One of the hardest things about being part of the Stolen Generations is the loss of family and identity. Before me, my mother was removed from her family, too, and I’m still trying to find family.
I’m still trying to find my family
I have six children, 18 grandchildren and 10 great-grandchildren. I wanted to create a family because the social welfare system destroyed mine. One of my granddaughters has a severe disability, and we’re trying to find out if it’s a genetic problem. But we don’t know because we don’t know who we are.
Come from a background of trauma, I have an understanding of where people are coming from [in my job]. There’s a sense of hopelessness. When people suffer from trauma, they might come in for one thing, but there might be six other things going on in their lives. There are often layers and layers of it. It’s about looking beyond what might be happening in that moment, and realising there could have been other circumstances including those that happened historically.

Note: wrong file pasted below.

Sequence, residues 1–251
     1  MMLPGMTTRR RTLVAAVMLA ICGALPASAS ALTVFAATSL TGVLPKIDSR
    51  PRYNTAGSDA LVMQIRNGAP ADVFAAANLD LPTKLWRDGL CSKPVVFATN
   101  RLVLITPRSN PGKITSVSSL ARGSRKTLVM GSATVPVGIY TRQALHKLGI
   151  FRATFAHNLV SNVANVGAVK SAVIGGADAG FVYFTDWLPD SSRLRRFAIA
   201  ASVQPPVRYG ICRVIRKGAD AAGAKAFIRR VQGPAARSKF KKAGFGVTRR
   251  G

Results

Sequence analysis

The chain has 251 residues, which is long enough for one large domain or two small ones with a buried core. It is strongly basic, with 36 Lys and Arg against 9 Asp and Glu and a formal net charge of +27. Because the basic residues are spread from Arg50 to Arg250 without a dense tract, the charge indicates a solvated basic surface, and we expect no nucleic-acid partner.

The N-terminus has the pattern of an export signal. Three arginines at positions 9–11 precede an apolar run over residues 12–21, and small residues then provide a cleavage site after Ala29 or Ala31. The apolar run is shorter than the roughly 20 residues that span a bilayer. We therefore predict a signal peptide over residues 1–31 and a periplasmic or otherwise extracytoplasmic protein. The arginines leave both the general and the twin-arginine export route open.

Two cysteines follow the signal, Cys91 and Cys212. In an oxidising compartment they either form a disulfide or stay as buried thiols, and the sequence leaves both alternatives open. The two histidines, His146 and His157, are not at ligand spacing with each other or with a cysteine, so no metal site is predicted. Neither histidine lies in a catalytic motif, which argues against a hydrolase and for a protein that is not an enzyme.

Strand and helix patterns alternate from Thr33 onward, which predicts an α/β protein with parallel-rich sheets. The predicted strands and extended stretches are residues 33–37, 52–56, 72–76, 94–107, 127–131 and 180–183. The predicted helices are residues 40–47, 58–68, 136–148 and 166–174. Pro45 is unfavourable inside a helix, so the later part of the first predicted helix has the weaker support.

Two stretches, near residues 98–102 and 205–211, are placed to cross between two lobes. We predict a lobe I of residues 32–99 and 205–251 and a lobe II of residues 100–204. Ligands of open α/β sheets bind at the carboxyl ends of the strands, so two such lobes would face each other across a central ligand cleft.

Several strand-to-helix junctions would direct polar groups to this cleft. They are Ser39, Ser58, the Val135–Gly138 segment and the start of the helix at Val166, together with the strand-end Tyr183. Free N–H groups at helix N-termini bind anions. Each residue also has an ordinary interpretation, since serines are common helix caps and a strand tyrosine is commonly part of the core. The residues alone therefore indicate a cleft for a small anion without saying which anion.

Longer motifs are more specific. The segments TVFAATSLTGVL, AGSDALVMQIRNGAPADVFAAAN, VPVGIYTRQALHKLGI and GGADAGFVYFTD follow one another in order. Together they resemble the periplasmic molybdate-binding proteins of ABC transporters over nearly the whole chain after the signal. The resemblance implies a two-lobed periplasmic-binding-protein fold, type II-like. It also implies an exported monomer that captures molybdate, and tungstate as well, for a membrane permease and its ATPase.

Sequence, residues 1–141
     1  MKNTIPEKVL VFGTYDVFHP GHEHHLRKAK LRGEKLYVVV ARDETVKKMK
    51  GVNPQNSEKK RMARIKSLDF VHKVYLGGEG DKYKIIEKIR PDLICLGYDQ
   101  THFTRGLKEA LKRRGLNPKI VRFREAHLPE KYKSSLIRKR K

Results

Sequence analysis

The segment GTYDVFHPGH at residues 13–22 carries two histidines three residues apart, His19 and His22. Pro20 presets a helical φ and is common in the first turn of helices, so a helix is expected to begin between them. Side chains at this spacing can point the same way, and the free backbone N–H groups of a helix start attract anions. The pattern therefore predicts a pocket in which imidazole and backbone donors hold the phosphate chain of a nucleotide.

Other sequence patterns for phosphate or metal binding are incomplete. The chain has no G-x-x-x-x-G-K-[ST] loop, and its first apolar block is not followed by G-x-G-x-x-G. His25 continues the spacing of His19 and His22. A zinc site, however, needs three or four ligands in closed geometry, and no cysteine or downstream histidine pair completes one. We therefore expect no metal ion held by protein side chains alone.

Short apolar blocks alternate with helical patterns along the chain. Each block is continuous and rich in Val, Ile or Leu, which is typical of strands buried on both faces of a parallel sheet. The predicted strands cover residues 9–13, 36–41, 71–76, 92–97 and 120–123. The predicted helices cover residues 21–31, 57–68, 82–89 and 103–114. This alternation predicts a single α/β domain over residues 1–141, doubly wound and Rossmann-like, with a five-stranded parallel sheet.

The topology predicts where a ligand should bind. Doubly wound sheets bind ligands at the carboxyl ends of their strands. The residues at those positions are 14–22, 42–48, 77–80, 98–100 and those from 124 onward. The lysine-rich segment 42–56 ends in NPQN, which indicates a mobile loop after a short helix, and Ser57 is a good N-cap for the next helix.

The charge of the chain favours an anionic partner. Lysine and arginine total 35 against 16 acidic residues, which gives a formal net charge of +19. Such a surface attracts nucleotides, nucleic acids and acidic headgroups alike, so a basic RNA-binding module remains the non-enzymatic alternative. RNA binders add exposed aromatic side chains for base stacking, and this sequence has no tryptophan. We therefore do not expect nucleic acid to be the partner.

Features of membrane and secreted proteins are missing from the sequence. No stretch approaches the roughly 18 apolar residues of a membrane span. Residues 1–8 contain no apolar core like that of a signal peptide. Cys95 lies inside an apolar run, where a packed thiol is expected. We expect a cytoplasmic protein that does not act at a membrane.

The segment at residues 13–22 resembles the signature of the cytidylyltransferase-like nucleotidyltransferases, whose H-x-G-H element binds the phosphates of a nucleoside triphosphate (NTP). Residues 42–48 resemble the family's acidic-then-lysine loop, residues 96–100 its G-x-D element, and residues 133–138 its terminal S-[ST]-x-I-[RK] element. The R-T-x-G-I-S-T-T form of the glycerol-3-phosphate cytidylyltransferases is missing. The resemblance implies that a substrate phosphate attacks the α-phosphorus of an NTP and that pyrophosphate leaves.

“I want to show other young people that they can do it”
Jasmin Onus is a lawyer who has worked in Indigenous land rights and policy. She is a Bindal and Gunditjmara woman who has studied at Harvard University. Her mother was the inaugural chairperson of The Healing Foundation
Growing up, it was rare to see Aboriginal people representing or advocating for our people, as lawyers or judges. A lot of the time, Aboriginal people were on the other side of the bench.